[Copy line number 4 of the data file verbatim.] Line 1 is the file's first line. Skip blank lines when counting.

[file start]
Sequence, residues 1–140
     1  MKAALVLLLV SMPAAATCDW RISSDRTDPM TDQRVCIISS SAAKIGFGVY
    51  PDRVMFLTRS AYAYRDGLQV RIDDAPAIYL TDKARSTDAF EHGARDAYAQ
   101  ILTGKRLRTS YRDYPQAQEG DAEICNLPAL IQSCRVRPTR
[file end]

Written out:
   101  ILTGKRLRTS YRDYPQAQEG DAEICNLPAL IQSCRVRPTR